You would get very little argument from anyone that the security threat landscape has changed significantly since the start of this decade. Mega-breaches, ransomware, nation-state threat actors, insider leaks – all of these have moved the goal posts a long way from where they were just a few short years ago.
We spoke with Michael McKinnon, from AVG, at last week’s AISA National Conference and asked him what he through the five most important or influential hacks or breaches of the last five years.
Interestingly, most of his list came in the last couple of years signalling that the threat landscape has not yet stabilised and new actors with different motivations are still evolving.
1 – Edward Snowden
“The one I think is the probably most contentious and, depending on your point of view, whether it constitutes a hack or a breach clearly has to be the actions of Edward Snowden,” says McKinnon.
What Snowden’s actions did is highlight the power of the insider threat. Snowden’s ability to use inherited privileges and exploit the cracks in systems gave him unfettered access to massive swathes of confidential information.
Although it’s arguable whether Snowden’s actions did more harm than good, McKinnon says the breach “clearly shifted the ground about how we think about security and privacy fundamentally for all of us,” says McKinnon.
2 – Ashley Madison
Although the Ashley Madison breach is very recent, occurring in July 2015, McKinnon says it has changed many perceptions about security.
“What’s interesting is, given the level of access this hacking team had, and the level of information they revealed you have to assume there’s some sort of insider access,” says McKinnon.
With database tables, email and other corporate data leaked this is one of the most egregious exfiltrations of data.
“It was a reminder of just how personal some of this private information can be and how it could potentially affect the lives of some people. It stands out head and shoulders about any other because of its impact and severity”.
McKinnon likened the Ashley Madison breach with the celebrity photo hack of August 2014. He says AVG looks at user responsibility when it comes to the consumption of breached data where users might be tempted to look at information about co-workers or people they know.Read more:Google asks devs to disable iOS 9 privacy feature 'to protect advertising'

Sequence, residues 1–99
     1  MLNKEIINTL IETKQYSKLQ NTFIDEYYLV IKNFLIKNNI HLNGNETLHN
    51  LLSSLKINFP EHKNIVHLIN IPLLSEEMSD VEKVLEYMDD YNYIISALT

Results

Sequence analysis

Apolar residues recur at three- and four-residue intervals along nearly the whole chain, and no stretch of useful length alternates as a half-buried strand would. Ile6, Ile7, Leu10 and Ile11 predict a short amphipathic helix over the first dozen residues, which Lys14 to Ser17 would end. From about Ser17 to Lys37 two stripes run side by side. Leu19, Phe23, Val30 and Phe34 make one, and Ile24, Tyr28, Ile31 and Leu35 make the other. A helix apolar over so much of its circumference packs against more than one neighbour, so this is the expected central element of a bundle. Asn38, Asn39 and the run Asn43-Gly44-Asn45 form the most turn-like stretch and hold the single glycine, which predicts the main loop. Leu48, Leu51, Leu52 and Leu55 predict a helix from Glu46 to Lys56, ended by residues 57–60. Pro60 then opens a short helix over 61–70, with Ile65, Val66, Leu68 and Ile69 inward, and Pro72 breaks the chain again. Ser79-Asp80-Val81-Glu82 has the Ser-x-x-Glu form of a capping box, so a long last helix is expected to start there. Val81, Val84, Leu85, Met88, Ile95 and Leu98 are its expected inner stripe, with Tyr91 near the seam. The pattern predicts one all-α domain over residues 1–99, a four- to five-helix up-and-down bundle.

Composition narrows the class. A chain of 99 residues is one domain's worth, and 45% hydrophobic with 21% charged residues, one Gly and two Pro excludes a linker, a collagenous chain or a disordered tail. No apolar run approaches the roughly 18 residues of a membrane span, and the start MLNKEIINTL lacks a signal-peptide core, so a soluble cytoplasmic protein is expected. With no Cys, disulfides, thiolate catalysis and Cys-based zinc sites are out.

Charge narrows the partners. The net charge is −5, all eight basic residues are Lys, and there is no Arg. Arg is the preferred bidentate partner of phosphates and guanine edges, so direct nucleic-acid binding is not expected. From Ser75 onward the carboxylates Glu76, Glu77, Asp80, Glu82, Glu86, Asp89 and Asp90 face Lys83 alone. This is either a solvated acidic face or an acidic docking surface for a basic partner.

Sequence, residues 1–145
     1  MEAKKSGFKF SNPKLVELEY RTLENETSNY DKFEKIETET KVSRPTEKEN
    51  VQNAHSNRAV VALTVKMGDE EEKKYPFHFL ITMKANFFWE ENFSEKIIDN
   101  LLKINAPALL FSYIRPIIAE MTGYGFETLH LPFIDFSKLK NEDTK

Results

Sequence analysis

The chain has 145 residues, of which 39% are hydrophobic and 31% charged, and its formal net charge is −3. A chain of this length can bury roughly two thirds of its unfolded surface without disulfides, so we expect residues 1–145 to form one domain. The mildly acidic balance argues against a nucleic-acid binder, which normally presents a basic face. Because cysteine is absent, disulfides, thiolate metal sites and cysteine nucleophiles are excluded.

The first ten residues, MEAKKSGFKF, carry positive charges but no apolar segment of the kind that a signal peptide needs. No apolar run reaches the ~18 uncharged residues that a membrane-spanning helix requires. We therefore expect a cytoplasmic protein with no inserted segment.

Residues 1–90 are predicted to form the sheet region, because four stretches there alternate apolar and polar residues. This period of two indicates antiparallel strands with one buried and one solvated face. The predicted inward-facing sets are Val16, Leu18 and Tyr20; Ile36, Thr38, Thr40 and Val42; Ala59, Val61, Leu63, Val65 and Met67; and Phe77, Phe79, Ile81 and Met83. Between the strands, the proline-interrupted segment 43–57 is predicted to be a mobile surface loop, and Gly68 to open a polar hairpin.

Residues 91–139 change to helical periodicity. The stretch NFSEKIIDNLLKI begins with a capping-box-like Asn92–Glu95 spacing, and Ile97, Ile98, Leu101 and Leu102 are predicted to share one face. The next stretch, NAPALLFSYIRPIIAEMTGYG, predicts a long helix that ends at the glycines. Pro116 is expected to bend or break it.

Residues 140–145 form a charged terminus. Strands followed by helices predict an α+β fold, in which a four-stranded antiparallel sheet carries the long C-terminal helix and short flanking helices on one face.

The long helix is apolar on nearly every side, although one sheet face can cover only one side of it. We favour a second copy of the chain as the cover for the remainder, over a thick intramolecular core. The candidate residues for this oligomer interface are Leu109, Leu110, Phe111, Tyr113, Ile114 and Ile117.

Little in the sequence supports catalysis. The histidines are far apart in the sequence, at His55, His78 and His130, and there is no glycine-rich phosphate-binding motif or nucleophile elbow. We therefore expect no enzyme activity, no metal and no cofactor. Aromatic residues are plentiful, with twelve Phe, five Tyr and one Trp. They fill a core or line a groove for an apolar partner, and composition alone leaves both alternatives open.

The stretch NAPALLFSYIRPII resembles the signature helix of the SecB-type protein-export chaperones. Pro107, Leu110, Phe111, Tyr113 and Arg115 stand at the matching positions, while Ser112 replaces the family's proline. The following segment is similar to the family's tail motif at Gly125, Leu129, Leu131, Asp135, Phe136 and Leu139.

“One of the fascinating aspects of this is when it comes to the breached information – what’s our motivation for looking at it and are we making the problem worse by looking at it?”.
3 – Sony
“This was an interesting example of a hack because Sony really went after the media on this,” says McKinnon. “Of course, they were in full-flight response mode, trying to quell the media attention they were getting at the time”.
One of the key learnings from the Sony hack was that a very determined and highly skilled threat actor could access far more data and carry out far more damage than anyone had really understood until that point.
“What I found interesting about the Sony hack, from a technical point of view, was there was a lot of speculation – and I’ve spoken with a lot of people who say they had connections with hacking circles – that it was fairly well known that Sony had been breached much earlier on. There were adversaries in their network for quite some time but nothing really happened”.
McKinnon says the take-away from the Sony breach is “if you haven’t secured your stuff, you’ve left the backdoor open – don’t assume it’s one person inside your network. In many cases it could be multiple parties inside your network and it becomes very difficult to separate who’s in there and who the actual attacker is”.
4 – Adobe 2013
The Adobe breach of 2013, when their systems were breached and about 130 million customer records were breached, signalled the start of the mega-breach era. Although the Target breach might have garnered more press and seen some high profile sackings, it was Adobe that “launched” the mega-breach era.Read more:Cloudy File Security: The New Data Leakage Frontier
“The thing that stands out is the sheer size of it,” says McKinnon. “130 million unique accounts and passwords were revealed”.
As a result of the breach users were asked to change their passwords and it highlighted that password re-use by users created a previously under-recognised risk.
“You can not trust a single password with anyone,” says McKinnon.
5 – The One I Can’t tell You About
“I’m playing devil’s advocate here to make a point. The name of the last breach is the one I can’t tell you about. And the reason I can’t tell you about it is we’ve all got war stories about clients we’ve worked with and breaches of companies but because of confidentiality and non-disclosure agreements they can’t be talked about. Not every hack hits the press”.
McKinnon says there are still hackers out there who care about the “art of hacking” and are keeping stolen data on their hard drives with no intent of distributing it – yet. However, there are also more targeted and sinister attackers as well.